Logistics sector prepares for Hurricane Dorian and the aftermath
It’s business as usual for transportation providers and freight hubs serving the Southeast market, but as Hurricane Dorian approaches they are quickly implementing contingency plans for safety and post-storm recovery.
Ports, airlines, railroads and relief agencies say they are monitoring the storm while taking steps to protect personnel, minimize damage to assets and move in with supplies once it passes.
As of Thursday afternoon, Dorian is about 190 miles southeast of Florida and forecasters expect it to intensify into a major Category 4 storm, with maximum sustained winds of 130 mph, by the time outer bands hit the mainland on Monday, September 2. Forecasters say it could come ashore anywhere along the Florida coast, but the exact path remains uncertain and could change in the coming days.
The seaports of Jacksonville, Canaveral, Everglades in Fort Lauderdale and Miami are all at potential risk, but so far remain open with no restrictions. Depending on the storm’s path, cargo vessels are expected to move out to sea where they are safer.
Airlines say it’s too early to adjust operations without greater certainty about where Dorian will make landfall, especially since hurricanes sometimes turn back out to sea.
“When local evacuation orders are issued, we secure our facilities and send employees home, to secure their homes and ensure the safety of their families,” UPS Airlines spokesman Jim Mayer said. Once the company’s meteorological team has a good projection of the storm’s path the company will move aircraft out of harm’s way, he added.
Potential precautions at FedEx could include adjusting flight schedules, repositioning aircraft away from the storm area, and ensuring shipments can be moved as quickly as possible to safely accessible areas after the hurricane passes, spokeswoman Shannon Davis said. The integrator is also prepositioning supplies for its operations and employees, such as water, ready-to-eat meals, generators and fuel.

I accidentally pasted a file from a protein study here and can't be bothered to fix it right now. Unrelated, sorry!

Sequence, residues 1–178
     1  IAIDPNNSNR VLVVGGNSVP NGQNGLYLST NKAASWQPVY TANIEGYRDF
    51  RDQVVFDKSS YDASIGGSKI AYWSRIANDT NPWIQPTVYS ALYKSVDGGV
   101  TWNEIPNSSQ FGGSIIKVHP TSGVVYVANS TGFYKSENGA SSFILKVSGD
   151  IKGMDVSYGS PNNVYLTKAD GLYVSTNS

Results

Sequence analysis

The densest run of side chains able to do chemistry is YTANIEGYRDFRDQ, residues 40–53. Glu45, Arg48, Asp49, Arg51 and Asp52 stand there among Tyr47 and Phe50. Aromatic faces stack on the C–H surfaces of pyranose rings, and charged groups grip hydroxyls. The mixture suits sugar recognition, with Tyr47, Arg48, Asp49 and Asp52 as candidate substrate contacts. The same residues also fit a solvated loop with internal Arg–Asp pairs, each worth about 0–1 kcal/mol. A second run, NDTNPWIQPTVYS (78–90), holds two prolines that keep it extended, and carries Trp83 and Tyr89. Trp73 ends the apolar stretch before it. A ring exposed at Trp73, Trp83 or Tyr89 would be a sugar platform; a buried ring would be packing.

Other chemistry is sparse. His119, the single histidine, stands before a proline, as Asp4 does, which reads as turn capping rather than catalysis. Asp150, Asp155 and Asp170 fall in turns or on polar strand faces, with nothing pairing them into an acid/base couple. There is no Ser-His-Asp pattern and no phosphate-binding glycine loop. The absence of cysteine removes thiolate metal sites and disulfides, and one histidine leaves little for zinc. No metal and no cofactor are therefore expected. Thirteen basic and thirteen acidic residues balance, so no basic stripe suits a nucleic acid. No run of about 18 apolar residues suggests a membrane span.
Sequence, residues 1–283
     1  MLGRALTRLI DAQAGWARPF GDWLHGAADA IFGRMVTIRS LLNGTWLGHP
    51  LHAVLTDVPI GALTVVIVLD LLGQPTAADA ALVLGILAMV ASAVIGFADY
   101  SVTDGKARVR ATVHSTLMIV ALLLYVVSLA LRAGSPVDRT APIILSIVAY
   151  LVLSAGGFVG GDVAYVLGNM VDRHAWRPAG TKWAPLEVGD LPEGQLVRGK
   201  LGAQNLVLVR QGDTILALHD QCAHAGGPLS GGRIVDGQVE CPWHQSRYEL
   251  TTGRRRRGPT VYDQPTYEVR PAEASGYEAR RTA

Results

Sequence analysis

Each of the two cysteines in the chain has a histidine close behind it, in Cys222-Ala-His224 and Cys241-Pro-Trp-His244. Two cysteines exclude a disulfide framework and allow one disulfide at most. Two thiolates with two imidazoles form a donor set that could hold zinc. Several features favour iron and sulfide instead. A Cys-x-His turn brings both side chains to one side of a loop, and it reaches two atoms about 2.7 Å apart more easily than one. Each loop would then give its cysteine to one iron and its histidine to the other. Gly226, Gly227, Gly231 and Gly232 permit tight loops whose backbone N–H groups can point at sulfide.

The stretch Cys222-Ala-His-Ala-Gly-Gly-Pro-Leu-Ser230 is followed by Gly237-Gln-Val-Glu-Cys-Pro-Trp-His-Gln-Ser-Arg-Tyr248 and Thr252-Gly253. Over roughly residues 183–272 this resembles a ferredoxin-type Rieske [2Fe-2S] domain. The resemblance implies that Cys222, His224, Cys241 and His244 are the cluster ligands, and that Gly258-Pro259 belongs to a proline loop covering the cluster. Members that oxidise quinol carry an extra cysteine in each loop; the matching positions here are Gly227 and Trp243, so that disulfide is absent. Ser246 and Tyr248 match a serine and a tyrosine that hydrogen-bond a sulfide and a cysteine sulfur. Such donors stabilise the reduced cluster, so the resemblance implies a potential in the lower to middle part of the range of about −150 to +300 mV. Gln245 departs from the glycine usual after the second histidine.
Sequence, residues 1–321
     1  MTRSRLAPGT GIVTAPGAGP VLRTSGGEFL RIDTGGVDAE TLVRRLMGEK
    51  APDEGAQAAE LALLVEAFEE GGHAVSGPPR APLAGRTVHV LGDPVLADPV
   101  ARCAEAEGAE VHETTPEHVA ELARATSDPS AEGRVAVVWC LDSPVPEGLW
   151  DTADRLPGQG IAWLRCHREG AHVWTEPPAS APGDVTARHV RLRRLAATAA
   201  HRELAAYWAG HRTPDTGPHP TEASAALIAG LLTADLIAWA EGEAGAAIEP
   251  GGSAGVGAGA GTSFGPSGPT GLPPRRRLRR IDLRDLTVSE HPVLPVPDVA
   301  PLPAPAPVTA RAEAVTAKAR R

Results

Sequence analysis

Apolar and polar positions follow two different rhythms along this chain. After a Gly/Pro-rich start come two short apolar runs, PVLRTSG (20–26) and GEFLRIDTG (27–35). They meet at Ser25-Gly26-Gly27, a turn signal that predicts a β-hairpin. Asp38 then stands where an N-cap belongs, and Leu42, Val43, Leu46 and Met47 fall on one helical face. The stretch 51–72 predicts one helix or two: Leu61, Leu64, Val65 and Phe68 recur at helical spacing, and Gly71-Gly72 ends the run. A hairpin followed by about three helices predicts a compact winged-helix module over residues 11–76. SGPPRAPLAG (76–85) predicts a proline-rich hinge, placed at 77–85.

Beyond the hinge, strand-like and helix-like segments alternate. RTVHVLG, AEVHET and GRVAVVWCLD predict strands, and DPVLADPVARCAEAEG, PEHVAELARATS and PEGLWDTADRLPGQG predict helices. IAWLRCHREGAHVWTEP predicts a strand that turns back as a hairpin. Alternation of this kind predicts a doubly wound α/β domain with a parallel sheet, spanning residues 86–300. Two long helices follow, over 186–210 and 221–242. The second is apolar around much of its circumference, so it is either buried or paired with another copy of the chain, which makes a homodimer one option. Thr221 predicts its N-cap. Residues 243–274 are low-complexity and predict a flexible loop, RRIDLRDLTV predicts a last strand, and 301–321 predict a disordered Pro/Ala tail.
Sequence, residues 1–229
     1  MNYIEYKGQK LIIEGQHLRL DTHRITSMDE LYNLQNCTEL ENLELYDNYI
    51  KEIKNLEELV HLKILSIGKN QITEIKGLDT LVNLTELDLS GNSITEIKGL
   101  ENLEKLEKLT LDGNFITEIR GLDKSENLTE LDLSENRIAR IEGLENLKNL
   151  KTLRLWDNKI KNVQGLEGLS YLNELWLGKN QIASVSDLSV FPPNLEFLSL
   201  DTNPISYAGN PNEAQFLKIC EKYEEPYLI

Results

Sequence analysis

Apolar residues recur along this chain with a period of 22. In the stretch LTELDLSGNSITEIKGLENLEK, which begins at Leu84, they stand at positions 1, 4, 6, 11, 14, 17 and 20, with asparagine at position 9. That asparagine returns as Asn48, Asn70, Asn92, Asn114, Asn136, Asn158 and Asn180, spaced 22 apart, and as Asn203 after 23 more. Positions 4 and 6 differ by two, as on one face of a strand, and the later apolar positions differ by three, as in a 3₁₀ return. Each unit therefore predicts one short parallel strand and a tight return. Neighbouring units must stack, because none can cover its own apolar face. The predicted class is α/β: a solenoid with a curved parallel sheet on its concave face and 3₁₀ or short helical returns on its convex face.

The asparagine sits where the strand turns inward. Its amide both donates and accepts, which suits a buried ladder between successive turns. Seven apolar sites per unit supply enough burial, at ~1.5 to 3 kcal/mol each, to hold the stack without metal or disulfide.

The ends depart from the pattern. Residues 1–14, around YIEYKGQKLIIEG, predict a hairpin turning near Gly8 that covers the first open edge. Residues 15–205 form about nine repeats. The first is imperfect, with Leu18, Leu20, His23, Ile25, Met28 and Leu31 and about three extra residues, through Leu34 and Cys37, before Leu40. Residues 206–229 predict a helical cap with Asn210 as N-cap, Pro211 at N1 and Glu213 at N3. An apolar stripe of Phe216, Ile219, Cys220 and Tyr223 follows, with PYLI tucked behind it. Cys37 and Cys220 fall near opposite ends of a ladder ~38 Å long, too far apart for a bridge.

American Airlines, the major U.S. carrier into Latin America, has issued a travel alert for airports in Florida, including its Miami hub, but has not canceled any flights so far. Delta Air Lines says it doesn’t anticipate any hurricane-related impact to flight schedules through Friday. Both airlines carry freight in their belly holds.
Three large railroads – Norfolk Southern, CSX and the Florida East Coast Railway – are expected to experience disruptions. CSX said it is taking precautions to protect employees, rail traffic and infrastructure.
Meanwhile, the American Logistics Aid Network is mobilizing to coordinate free logistics assistance to disaster relief organizations.
The organization’s staff has begun daily conference calls with logistics providers and government agencies to coordinate upcoming deliveries, and reaching out to non-profit organizations to determine what resources they may need, Executive Director Kathy Fulton said in an e-mail.
Preliminary work also involves reviewing the infrastructure and industries likely to be affected so ALAN can best match logistics providers and relief groups.
ALAN has activated a Hurricane Dorian Micro-site, where the humanitarian organization will be posting requests for assistance and links to helpful community resources.